“Today we are going to have some fun,” the instructor trainers are telling us. We already know that Nancy and her team want to spice up the course a little bit. The candidates have to do some confined water exercises again. But they will encounter new tricky mistakes. “We have to train the people so they are able to identify and solve any possible problem. Everything that can go wrong will happen in real life sooner or later,” Nancy says. “The candidates tend to focus only on the errors they already have seen. Now we have to change this issue.”
For this complicated skill, we haven’t been promised a lot. There are a number of things that go terribly wrong in the water and it results in many an unloved score of one. Due to the distracting nature of the assigned problems some of the IDC candidates are not performing the skills properly.The instructor trainers do not directly intervene in the water. They take notes and will talk to the candidates later on. Lucy will demonstrate buddy breathing (sharing one regulator between two divers) today and perform this skill with students. Initially everything is looking good. The student is giving the out-of-air signal to Lucy. She is handing over her primary second stage. In a specific breathing rhythm the regulator is shared between two divers. Sigrid is told to keep the air source and Lucy loses her focus. She chokes a little bit and tries to reach Sigrid’s primary regulator. In theory Sigrid is the one without air and needs Lucy as an alternate air source. The exercise has failed completely and Lucy is facing a score of one. Sigrid is giving Lucy OK signal to see if everything is alright.
Lucy takes the situation with humour and says that she was choking three times within a month doing buddy breathing. “Perhaps it was not a mistake and I just like choking,” she quips.
During the debriefing Peter complains that errors while doing surface skills are very hard to spot. “I can’t see at the same time what is going on above and under water,” he says. “How shall I recognize all the mistakes?” Hendrik confirms this problem: “Everybody thinks the surface skills are the easy ones. But it’s exactly the opposite.” Because of his experience Hendrik is able to give Peter some tips on how to make life easier. “Read the instructor manual carefully and have a good look at the performance requirements. Peter you were swimming with your student into shallow water. The performance requirement is to tow a tired diver for 25 metres in water that is too deep to stand. It would be more than annoying to fail the IE because of such a careless error. You can avoid this problem easily if you swim parallel to the beach.”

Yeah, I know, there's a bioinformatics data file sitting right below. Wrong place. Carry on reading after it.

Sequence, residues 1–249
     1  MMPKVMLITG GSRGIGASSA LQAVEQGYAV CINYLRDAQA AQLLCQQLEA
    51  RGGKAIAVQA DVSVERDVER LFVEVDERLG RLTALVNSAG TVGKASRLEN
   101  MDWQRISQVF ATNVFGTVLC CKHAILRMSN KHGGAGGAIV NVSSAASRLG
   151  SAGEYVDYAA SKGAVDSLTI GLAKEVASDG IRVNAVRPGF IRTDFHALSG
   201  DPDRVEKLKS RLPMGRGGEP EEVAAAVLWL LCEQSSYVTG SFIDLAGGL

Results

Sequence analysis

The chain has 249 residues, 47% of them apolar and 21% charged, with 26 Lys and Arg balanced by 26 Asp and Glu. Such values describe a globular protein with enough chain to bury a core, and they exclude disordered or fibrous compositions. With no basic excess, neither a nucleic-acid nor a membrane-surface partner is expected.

The two Spanish guys Hugo and Alvaro scored a one because of a very similar reason − they also did not pay attention to the depth. The staff instructors emphasize again that depth can be an assigned problem in the IE. Therefore they recommend always looking at the depth gauge before starting an exercise.
“A one and a five are often quite close together,” says Nancy. “It does not matter how perfect you demonstrate an exercise if the required depth is wrong. But it’s not a big deal. Everybody is doing very well and everything is looking quite promising. By the end of the week we will have trained you to recognize and solve all the assigned problems.” Nancy is encouraging the candidates.
The AI exam
In the late afternoon the candidates sit their first set of theoretical examinations. If the candidates pass they have achieved the level of assistant instructor (AI). But this is only valid for ten of the instructor candidates who also have successfully completed the water sessions. Good news! Everybody passes the test. Congratulations! This result is cheering everybody up − especially after the morning’s bad marks. But the candidates will not have time to celebrate. Tomorrow will continue the IDC as usual at 8:30am. A workshop is on scheduled in which the instructor trainers will practise difficult exercises with the candidates − including the infamous CESA (Controlled Swimming Emergency Ascent). In the afternoon there will be another theory exam including the dreaded subject physics.
Day 1: How to become a dive instructor?
Day 2: How to become a dive instructor?
Day 3: How to become a dive instructor?
Day 4: How to become a dive instructor?
Day 5: How to become a dive instructor?
Day 6: How to become a dive instructor?
Day 7: How to become a dive instructor?
Day 8: How to become a dive instructor?
Day 9: How to become a dive instructor?
Day 10: How to become a dive instructor?
Day 11: How to become a dive instructor?
Day 12: How to become a dive instructor?
Day 13: How to become a dive instructor?
Course Director: Nancy Abd El Wahab
Dive centre: Sinai Divers Dahab